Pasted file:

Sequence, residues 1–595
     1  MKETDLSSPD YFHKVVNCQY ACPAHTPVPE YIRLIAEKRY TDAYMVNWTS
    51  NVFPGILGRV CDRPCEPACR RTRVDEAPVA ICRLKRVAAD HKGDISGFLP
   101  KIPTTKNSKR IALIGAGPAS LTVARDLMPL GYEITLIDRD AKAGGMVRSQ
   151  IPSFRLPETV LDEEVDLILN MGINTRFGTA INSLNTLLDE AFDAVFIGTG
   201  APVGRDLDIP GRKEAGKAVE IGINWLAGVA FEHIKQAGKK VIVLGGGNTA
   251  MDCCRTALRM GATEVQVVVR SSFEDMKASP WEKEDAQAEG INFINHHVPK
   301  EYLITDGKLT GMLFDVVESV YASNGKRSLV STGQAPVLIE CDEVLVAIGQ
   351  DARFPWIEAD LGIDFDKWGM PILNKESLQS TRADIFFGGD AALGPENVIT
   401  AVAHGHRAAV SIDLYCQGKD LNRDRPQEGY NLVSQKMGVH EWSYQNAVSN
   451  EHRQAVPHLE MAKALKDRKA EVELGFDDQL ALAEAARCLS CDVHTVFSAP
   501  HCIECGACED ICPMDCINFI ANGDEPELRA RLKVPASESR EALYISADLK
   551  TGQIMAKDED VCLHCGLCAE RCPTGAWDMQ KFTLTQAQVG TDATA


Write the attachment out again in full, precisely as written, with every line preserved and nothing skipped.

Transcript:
Sequence, residues 1–595
     1  MKETDLSSPD YFHKVVNCQY ACPAHTPVPE YIRLIAEKRY TDAYMVNWTS
    51  NVFPGILGRV CDRPCEPACR RTRVDEAPVA ICRLKRVAAD HKGDISGFLP
   101  KIPTTKNSKR IALIGAGPAS LTVARDLMPL GYEITLIDRD AKAGGMVRSQ
   151  IPSFRLPETV LDEEVDLILN MGINTRFGTA INSLNTLLDE AFDAVFIGTG
   201  APVGRDLDIP GRKEAGKAVE IGINWLAGVA FEHIKQAGKK VIVLGGGNTA
   251  MDCCRTALRM GATEVQVVVR SSFEDMKASP WEKEDAQAEG INFINHHVPK
   301  EYLITDGKLT GMLFDVVESV YASNGKRSLV STGQAPVLIE CDEVLVAIGQ
   351  DARFPWIEAD LGIDFDKWGM PILNKESLQS TRADIFFGGD AALGPENVIT
   401  AVAHGHRAAV SIDLYCQGKD LNRDRPQEGY NLVSQKMGVH EWSYQNAVSN
   451  EHRQAVPHLE MAKALKDRKA EVELGFDDQL ALAEAARCLS CDVHTVFSAP
   501  HCIECGACED ICPMDCINFI ANGDEPELRA RLKVPASESR EALYISADLK
   551  TGQIMAKDED VCLHCGLCAE RCPTGAWDMQ KFTLTQAQVG TDATA